As history, “The Wayfarer” is very muddled. In one sense this isn’t the show’s fault. Almost everything we know about the real Marco Polo and his travels has been disputed by historians at one time or another, with some even claiming that he never actually went there, but merely wrote down stories he heard from others who crossed the Silk Road in the 13th and early 14th centuries. I think he did go, but the trade and cultural relationships between Venice and the Mongols were far more complicated than represented here. There’s no mention, for instance, of the Byzantine reconquest of Constantinople in 1261 (it had been ruled by Western Europeans–“Latins”–since the Fourth Crusade of 1204), which was a major impetus for Niccolo Polo, Marco’s father, to seek direct commercial links with China. Maybe the audience doesn’t need to know this, but it would have been nice.

As a dramatic presentation, Marco Polo reminds me of nothing so much as a modern re-do of those “epic” historic miniseries that were ubiquitous on TV in the 1980s. You know the ones: Shogun (the gold standard of that sort of thing), Thorn Birds, North and South, and, oh yeah, Marco Polo, which was broadcast on NBC in 1982 and starred Kenneth Marshall, who later turned up on Star Trek: Deep Space Nine, as the title character. These shows had as many clanging swords, epic battles and heaving bosoms as TV budgets and censors would allow. We’re in a new era where massive armies can be created by CGI effects and there’s no limit on the T&A you can show on Netflix, so the producers can be forgiven for going hog wild.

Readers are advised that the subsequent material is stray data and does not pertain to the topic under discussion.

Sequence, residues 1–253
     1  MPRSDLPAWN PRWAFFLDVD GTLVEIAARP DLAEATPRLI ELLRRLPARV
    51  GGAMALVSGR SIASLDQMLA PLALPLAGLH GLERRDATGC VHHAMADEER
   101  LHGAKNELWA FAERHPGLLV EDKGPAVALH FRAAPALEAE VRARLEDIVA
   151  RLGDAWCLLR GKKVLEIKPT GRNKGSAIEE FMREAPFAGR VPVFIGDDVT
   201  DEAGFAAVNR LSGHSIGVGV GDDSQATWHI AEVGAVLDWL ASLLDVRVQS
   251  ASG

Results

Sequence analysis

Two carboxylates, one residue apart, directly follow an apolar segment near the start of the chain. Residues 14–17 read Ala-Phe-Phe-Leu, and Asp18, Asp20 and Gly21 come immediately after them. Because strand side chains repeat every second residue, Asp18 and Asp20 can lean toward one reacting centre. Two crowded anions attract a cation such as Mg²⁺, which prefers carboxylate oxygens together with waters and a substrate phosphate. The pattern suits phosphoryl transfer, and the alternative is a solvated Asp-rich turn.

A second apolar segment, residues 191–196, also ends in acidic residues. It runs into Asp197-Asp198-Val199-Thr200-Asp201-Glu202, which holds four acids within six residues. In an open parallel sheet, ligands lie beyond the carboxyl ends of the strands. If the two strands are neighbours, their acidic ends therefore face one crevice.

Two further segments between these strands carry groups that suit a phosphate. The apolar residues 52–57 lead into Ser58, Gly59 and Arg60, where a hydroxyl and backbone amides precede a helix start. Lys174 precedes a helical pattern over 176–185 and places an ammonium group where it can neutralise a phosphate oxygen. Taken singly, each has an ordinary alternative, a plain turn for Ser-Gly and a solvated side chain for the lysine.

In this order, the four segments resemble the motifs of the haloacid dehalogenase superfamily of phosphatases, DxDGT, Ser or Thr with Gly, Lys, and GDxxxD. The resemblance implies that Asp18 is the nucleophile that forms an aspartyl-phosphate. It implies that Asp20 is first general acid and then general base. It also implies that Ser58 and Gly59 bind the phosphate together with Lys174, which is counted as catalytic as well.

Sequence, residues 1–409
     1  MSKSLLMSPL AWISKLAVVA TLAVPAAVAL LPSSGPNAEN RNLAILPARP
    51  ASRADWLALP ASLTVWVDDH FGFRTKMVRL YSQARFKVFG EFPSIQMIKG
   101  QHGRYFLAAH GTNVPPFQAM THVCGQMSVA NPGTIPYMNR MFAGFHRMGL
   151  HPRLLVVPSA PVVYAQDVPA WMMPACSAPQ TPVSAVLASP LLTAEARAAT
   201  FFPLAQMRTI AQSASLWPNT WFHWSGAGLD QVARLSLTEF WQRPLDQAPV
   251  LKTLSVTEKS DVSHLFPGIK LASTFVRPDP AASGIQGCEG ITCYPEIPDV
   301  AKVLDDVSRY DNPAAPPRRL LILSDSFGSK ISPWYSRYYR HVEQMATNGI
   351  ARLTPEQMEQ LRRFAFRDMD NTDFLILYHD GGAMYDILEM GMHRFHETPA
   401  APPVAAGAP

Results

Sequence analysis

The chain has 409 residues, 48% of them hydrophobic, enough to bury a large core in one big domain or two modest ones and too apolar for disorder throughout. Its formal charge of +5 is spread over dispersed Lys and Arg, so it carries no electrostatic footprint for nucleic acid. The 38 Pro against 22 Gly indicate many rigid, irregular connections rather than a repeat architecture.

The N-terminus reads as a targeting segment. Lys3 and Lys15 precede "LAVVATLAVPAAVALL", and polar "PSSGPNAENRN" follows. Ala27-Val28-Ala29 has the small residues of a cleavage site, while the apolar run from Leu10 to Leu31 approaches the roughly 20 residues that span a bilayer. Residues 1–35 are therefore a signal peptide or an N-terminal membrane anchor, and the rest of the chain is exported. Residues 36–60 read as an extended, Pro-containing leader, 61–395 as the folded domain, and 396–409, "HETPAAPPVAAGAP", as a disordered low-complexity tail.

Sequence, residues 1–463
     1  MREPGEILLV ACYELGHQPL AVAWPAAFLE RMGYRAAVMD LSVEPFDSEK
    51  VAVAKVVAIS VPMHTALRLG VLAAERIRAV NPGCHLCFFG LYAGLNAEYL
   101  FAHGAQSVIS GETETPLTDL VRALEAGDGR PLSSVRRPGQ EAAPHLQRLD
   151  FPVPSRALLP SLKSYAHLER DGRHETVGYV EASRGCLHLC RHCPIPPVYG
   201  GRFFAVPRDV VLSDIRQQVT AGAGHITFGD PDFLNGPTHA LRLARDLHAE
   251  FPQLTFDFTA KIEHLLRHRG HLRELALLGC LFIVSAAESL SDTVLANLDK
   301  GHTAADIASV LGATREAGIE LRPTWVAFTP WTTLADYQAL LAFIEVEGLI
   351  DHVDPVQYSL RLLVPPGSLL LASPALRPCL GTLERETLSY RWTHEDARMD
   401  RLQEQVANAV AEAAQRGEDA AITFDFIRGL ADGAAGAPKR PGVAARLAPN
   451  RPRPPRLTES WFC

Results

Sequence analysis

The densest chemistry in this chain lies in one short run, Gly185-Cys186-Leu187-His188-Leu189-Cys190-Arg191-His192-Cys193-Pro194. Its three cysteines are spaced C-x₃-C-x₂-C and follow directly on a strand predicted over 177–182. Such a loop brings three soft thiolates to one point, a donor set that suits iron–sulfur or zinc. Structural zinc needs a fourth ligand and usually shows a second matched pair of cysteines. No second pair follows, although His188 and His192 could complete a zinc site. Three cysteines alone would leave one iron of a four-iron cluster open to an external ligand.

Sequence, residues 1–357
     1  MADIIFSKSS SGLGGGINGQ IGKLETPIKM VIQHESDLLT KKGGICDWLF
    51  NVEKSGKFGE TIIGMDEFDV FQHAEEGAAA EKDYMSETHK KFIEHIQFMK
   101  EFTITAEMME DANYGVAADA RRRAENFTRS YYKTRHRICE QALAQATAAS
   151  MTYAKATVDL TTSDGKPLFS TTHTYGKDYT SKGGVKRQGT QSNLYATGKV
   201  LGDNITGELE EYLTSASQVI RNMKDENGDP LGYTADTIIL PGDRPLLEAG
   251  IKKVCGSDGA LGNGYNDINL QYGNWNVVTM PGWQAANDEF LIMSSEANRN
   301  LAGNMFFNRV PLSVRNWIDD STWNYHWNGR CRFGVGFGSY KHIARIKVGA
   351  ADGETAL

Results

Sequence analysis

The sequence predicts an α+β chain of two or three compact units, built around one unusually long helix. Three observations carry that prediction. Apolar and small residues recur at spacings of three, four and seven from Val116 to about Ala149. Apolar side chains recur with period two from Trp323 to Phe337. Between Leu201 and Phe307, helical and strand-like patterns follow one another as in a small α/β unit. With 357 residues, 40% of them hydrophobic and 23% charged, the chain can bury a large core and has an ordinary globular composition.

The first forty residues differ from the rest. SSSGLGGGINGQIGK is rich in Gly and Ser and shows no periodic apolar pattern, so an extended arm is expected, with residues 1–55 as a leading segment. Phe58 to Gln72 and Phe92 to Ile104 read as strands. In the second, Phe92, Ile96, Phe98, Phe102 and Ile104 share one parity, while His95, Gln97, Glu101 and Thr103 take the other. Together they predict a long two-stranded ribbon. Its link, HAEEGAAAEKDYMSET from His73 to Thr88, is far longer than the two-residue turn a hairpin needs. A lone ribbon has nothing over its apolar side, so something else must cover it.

marco polo hist

In the new Netflix series, Marco Polo seems more defined by the 1980s than the 1280s.

There’s a distinctly ’80s feel to the new Marco Polo. It came through most strongly during the martial arts training scenes, which despite the Matrix/House of Flying Daggers-style slo-mo effects of midair jump kicks and falling coins, is right out of a Rocky or Karate Kid sequel. All we needed was Peter Cetera or Europe to be playing on the soundtrack. Maybe the Mongols’ haircuts are historically accurate–I just don’t know–but the mop-top mohawk Kublai Khan sports is right out of The Road Warrior. I could see a series like this showing on Cinemax late at night in about 1988 (though even “Skinemax” would probably draw the line at a jade dildo). Thus, retro nostalgia seems to be a selling point of the show.

Overall I found “The Wayfarer” modestly enjoyable but not brilliant, with a shadow of historical truth rather than a strong commitment to it. Will I re-enlist for another episode? It’s probably worth that investment of time, but if we’re not out of Cinemax-in-1988 territory by episode three, Signore Polo may have to continue his epic sojourn in China without me. After all, we’ll soon have new Mad Men and House of Cards to catch up on, and I’m way behind on Game of Thrones.

The logo and visuals of the Marco Polo series are (C) 2014 by Netflix. I believe my inclusion of them here, for purposes of a review, constitutes fair use.